Iran just announced it would begin backing away from terms of the deal, setting a 60-day deadline for Europe to come up with new terms or it would begin enriching uranium closer to weapons-grade levels. Tehran long has insisted it does not seek nuclear weapons, though the West fears its program could allow it to build atomic bombs.

In an interview aired Sunday on the Fox News Channel, Trump called the nuclear deal a “horror show.”

“I just don’t want them to have nuclear weapons and they can’t be threatening us,” Trump said.

However, the nuclear deal had kept Iran from being able to acquire enough highly enriched uranium for a bomb. U.N. inspectors repeatedly certified that Iran was in compliance with the accord.

[Rocket lands near US Embassy in Baghdad’s Green Zone]

British Foreign Secretary Jeremy Hunt told journalists in Geneva that Iran should not doubt the U.S. resolve, warning that “if American interests are attacked, they will retaliate.”

“We want the situation to de-escalate because this is a part of the world where things can get triggered accidentally,” Hunt said.

Meanwhile, Oman’s minister of state for foreign affairs made a previously unannounced visit Monday to Tehran, seeing Zarif, the state-run IRNA news agency reported. The visit by Yusuf bin Alawi comes after U.S. Secretary of State Mike Pompeo called Oman’s Sultan Qaboos bin Said last week. Oman long has served as a Western backchannel to Tehran and the sultanate hosted the secret talks between the U.S. and Oman that laid the groundwork for the nuclear deal negotiations.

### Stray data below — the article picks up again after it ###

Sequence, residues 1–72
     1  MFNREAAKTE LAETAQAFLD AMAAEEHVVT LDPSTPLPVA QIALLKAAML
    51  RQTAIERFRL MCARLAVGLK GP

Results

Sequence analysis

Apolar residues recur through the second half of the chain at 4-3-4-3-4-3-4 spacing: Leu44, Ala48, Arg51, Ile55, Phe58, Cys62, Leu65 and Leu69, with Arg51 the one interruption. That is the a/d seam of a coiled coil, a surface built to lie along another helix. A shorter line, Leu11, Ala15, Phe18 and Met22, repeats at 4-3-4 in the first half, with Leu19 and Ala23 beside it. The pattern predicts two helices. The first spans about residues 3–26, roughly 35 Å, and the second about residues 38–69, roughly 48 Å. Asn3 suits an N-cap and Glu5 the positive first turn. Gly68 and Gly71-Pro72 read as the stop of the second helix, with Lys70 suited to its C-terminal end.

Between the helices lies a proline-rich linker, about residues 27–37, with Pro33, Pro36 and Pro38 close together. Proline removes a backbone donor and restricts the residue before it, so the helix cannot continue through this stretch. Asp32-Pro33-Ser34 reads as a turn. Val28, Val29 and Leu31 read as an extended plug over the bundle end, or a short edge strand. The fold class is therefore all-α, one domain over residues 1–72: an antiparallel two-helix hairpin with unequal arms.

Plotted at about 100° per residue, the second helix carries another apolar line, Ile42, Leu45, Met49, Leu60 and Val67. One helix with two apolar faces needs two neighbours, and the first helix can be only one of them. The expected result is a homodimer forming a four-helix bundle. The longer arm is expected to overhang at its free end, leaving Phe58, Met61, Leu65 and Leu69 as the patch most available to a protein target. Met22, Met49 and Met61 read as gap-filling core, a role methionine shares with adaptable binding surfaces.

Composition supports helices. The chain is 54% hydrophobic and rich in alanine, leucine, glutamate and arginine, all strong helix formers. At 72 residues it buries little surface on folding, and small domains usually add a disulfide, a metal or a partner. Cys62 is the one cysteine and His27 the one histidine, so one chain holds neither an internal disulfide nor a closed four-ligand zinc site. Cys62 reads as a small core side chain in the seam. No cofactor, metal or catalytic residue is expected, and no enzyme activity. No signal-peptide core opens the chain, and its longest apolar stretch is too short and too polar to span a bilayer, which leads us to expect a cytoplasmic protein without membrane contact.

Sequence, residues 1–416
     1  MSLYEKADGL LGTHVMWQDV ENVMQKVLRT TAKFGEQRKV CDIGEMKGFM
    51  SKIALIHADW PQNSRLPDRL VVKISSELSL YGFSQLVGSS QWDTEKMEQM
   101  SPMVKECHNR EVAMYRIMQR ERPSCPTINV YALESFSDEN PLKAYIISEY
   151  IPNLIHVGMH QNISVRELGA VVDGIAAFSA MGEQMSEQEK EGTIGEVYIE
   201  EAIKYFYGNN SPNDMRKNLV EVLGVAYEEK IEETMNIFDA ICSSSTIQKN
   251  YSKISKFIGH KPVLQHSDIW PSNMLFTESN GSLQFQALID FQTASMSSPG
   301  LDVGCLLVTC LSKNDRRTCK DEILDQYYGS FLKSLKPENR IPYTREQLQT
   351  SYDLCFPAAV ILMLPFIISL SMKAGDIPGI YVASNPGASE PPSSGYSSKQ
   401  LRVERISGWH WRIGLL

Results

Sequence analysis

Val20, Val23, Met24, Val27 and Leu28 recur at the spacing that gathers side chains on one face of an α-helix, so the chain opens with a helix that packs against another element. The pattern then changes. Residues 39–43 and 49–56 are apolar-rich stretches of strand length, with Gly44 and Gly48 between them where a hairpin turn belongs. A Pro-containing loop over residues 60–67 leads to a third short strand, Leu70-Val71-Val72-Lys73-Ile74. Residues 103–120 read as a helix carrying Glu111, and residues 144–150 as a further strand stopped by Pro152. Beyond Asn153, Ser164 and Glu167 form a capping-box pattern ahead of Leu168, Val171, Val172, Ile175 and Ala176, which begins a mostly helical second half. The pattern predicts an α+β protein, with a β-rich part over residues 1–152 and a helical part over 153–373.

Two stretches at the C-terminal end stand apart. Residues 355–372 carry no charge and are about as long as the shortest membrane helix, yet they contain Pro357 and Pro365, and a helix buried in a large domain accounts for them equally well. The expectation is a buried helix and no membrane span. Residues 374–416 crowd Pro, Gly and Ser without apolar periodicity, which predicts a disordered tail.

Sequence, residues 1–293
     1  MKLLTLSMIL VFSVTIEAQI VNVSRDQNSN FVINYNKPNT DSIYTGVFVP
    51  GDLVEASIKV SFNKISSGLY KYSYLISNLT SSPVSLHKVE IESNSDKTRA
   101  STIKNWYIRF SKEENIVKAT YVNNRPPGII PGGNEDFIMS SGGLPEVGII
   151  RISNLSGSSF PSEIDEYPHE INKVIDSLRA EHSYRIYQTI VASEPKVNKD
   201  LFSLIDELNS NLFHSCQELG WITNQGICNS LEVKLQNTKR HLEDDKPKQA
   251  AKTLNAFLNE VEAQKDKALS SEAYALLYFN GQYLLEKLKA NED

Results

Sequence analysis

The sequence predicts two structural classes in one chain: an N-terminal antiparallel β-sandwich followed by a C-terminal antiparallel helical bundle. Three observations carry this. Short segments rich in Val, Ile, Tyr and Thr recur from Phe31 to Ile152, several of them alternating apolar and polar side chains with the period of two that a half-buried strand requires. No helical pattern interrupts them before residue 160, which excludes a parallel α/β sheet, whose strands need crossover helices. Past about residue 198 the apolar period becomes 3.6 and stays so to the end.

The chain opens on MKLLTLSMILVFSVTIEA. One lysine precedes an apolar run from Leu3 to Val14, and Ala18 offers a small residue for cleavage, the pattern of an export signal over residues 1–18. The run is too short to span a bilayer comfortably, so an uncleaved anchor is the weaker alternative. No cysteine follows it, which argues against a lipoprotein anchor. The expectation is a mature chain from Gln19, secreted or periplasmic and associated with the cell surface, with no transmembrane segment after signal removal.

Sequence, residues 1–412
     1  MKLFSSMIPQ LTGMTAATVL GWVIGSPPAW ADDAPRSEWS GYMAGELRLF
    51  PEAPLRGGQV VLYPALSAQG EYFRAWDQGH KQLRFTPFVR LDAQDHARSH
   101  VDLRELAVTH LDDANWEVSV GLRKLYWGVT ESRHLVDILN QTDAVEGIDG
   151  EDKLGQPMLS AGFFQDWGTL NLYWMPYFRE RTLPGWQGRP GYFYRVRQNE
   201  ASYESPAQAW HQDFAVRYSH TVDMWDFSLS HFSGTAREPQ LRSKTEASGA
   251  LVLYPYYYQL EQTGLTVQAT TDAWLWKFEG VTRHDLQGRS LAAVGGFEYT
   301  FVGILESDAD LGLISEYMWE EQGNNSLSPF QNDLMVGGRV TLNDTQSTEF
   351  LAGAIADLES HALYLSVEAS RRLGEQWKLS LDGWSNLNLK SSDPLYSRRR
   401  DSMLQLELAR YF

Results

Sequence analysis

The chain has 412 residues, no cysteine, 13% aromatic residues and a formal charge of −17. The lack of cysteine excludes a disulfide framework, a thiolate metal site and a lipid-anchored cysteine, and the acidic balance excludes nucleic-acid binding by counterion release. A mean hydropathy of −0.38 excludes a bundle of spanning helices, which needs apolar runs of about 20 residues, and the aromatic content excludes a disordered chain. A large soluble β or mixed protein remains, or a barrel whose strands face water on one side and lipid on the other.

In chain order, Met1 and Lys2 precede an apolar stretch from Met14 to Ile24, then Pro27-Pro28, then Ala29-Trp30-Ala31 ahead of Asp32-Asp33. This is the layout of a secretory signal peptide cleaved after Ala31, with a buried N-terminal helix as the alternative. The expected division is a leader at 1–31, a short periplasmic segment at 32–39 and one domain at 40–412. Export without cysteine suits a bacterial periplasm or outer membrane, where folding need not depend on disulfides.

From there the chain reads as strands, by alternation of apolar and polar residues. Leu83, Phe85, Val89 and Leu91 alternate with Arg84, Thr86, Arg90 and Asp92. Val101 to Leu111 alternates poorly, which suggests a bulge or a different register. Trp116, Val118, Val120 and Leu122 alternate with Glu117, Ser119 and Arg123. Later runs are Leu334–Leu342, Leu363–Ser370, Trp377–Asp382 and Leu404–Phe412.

In Saudi Arabia, the kingdom’s military intercepted two missiles fired by the Houthi rebels in neighboring Yemen. The missiles were intercepted over the city of Taif and the Red Sea port city of Jiddah, the Saudi-owned satellite channel Al-Arabiya reported.

The channel cited witnesses for the information. The Saudi government has yet to acknowledge the missile fire, which other Saudi media also reported.

Hundreds of rockets, mortars and ballistic missiles have been fired into the kingdom since a Saudi-led coalition declared war on the Houthis in March 2015 to support Yemen’s internationally recognized government.

However, the Houthis’ Al-Masirah satellite news channel denied Monday that the rebels had any involvement with this round of rocket fire.

[US declares Iran’s Revolutionary Guard a ‘terrorist organization’]

Between the two targeted cities is Mecca, home to the cube-shaped Kaaba that Muslims pray toward five times a day. Many religious pilgrims are now in the city amid the Muslim holy fasting month of Ramadan.

Meanwhile, the U.S. Navy’s 5th Fleet on Sunday announced it would begin “enhanced security patrols” in international waters with members of the Gulf Cooperation Council, which includes Bahrain, Kuwait, Oman, Qatar, Saudi Arabia and the United Arab Emirates.

Already, the USS Abraham Lincoln aircraft carrier, the amphibious assault ship USS Kearsarge and others are in the Arabian Sea, waters close to the Strait of Hormuz, the narrow mouth of the Persian Gulf through which a third of all oil traded at sea passes.

Associated Press writers Qassim Abdul-Zahra, Bassem Mroue, Jamey Keaten, Samy Magdy and Nasser Karimi contributed to this report.